We conducted a hatchery growth study to describe the variability in growth rates, spawning, and mortality of Aplysia californica in regard to rearing temperature. Animals were housed at a standard hatchery density of five animals per cage, at temperatures of 13, 15, 18, and 21°C. Animals reared at 13 or 15°C grew as much as four times as large, lived twice as long, matured later, and spawned longer than did animals reared at 18 or 21°C. At age 170 to 205 days the fastest growth rates occurred at 18 and 21°C and the slowest at 13°C. As animals at 18 and 21°C reached sexual maturity at ages 190 to 197 days, or -60% through their lifespans, their growth rates slowed such that by age 260 days, the fastest growth rate was at 13°C, and the slowest was at 21°C. Animals reared at 13 and 15°C reached sexual maturity at 242 and 208 days, respectively, or at -40% of their life spans. Lifespan and maximum average animal weight were significantly inversely correlated with temperature (P < 0.0001). However, there were no significant differences at any temperature in the age at which maximum animal weight was reached when this age was expressed as a percentage of the life span: animals reached their maximum weight at -80% of their life span. Aging rate was highest for animals reared at 21°C, while the mortality rate doubling time was lowest at this temperature. This would be expected for the accelerated lifecycle observed at higher temperatures.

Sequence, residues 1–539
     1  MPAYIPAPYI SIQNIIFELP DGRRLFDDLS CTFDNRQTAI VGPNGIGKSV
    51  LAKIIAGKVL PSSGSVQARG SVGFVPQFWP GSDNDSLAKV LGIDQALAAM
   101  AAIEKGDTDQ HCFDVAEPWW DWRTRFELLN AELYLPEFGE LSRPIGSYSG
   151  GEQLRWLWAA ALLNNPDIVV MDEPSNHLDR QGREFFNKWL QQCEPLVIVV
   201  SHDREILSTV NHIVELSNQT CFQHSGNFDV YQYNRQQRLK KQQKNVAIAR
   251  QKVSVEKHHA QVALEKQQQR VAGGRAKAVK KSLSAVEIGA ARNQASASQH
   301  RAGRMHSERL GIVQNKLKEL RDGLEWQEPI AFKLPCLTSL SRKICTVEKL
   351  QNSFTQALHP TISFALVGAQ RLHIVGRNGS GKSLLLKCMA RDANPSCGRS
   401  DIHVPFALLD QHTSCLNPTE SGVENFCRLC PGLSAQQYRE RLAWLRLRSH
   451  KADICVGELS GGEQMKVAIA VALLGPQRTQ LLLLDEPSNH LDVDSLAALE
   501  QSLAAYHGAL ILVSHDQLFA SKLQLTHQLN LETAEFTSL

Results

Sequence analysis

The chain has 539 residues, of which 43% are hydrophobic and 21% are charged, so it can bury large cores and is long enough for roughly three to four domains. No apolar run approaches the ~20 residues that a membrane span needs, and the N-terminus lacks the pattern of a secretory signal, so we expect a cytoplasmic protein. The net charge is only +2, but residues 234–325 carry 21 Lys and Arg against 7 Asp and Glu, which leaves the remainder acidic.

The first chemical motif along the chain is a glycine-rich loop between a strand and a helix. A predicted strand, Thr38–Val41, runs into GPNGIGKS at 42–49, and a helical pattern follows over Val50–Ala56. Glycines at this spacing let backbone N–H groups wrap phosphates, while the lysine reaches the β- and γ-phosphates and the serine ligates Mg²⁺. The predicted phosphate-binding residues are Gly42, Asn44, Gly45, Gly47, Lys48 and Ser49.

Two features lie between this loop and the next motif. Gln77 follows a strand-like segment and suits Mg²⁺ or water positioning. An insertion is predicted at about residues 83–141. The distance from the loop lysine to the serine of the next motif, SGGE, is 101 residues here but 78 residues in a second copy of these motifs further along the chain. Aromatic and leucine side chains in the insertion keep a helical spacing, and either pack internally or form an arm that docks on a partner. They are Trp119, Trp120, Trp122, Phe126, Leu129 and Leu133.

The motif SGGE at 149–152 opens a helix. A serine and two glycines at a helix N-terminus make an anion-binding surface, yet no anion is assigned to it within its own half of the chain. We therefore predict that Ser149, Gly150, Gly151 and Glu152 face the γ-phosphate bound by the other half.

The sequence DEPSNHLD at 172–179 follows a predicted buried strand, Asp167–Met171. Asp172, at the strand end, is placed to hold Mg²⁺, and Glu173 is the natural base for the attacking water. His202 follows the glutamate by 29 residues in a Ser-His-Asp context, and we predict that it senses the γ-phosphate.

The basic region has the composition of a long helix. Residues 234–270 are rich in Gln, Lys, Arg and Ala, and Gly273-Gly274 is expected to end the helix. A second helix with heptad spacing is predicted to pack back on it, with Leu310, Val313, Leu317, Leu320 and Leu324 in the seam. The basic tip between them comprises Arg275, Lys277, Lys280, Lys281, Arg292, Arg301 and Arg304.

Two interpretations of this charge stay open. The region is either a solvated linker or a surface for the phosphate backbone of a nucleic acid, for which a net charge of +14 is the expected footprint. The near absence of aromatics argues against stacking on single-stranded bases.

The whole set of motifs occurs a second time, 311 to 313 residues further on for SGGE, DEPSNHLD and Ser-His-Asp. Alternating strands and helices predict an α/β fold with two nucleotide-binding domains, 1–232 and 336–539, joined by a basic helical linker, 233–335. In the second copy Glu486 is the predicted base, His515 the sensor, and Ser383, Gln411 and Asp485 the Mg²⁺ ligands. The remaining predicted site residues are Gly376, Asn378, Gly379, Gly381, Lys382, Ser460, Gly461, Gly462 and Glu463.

|Original language||English (US)|
|Number of pages||5|
|Journal||Contemporary Topics in Laboratory Animal Science|
|State||Published - May 1 2005|
ASJC Scopus subject areas
- Animal Science and Zoology